From 1963 through 1983, Ross raised the company's profile through methods both grand and corny—including bumper stickers, skywriting, and advertisements in such unorthodox places as the sides of cement-mixers. He is best known for developing the company's regular productions of Wagner's Ring cycle, which premiered in 1975—when it was rare to see the four-opera cycle outside of Germany—and made Seattle Opera a destination for opera lovers all over the country.
Speight Jenkins, Ross's successor at Seattle Opera, said, "Everyone in the United States who loves opera owes a debt to Glynn. He showed that two communities who had only supported occasional touring opera could develop excellent regular opera companies."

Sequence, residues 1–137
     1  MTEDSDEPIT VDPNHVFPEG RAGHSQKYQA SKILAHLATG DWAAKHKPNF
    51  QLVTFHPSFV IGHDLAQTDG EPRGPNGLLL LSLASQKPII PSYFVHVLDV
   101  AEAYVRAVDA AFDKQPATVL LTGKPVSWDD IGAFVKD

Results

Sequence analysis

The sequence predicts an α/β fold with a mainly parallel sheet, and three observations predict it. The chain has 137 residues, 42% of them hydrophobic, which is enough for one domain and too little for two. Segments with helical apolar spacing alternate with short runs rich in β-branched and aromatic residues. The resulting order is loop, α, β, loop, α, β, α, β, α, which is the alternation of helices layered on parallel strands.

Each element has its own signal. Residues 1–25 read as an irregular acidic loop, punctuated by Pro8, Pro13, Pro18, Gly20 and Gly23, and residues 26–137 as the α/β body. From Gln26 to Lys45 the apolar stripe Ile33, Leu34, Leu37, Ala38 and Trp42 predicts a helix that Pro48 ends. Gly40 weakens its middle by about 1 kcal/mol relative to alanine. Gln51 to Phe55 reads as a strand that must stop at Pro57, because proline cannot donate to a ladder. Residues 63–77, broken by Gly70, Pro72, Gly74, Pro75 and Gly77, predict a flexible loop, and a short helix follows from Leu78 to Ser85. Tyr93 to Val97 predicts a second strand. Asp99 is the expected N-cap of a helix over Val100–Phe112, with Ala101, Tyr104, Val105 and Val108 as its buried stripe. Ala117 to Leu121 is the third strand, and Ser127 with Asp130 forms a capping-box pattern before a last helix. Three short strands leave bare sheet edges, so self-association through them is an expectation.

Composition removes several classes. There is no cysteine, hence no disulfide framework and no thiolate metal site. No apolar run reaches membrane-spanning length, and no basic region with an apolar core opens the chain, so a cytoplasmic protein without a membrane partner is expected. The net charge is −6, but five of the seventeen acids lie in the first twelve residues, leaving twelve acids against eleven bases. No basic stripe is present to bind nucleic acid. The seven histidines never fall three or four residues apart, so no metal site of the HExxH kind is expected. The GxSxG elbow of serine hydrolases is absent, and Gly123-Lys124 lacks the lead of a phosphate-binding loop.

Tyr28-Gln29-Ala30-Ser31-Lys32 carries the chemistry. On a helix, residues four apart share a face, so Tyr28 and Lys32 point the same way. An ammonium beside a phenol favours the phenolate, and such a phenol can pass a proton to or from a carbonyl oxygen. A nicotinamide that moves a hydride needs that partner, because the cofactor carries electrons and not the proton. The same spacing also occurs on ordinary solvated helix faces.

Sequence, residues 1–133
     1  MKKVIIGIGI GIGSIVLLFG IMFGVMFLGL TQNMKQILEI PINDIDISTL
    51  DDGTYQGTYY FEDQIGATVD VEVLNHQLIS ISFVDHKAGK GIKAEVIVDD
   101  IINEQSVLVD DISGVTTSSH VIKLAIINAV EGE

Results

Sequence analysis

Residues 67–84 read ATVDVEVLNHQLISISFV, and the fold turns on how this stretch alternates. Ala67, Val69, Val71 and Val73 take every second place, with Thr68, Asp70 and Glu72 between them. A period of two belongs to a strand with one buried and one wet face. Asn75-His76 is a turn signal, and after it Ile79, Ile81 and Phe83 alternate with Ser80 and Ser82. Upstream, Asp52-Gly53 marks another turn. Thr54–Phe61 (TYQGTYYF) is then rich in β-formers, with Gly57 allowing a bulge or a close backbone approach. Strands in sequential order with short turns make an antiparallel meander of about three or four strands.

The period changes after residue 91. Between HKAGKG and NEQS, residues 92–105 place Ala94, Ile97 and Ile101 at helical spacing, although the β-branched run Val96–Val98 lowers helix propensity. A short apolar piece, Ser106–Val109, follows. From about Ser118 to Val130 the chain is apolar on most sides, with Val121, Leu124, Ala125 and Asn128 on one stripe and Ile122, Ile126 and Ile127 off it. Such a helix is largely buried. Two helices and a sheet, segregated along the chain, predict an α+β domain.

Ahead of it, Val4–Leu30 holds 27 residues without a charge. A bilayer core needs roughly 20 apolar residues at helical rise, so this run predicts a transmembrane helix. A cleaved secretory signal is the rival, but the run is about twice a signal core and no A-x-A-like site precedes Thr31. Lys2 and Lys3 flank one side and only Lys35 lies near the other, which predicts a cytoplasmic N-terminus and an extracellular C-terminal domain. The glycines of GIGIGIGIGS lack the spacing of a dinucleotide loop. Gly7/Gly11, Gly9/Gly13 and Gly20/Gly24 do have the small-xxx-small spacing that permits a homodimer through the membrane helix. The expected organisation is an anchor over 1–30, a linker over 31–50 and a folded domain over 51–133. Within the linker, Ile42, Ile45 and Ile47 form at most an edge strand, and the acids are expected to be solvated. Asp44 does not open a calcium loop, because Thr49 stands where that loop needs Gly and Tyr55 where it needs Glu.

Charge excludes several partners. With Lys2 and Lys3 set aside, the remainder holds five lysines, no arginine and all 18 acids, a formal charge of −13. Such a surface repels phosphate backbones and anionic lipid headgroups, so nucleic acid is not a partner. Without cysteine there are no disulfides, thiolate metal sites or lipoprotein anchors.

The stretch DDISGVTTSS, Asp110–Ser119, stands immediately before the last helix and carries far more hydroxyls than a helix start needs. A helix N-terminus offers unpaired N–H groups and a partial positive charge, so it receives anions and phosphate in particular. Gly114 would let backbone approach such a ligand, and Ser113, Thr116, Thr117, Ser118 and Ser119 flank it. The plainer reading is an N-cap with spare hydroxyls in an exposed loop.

Ross was also one of the creators of the Pacific Northwest Ballet (which was then affiliated with the opera company) and of Opera America, a national organization of opera companies.
Ross's tenure at the company ended in 1983, when he was forced, by the company's board, to retire. He went on to Arizona Opera, and worked similar magic there, building audiences and staging the Ring cycle. He retired from that company in 1998.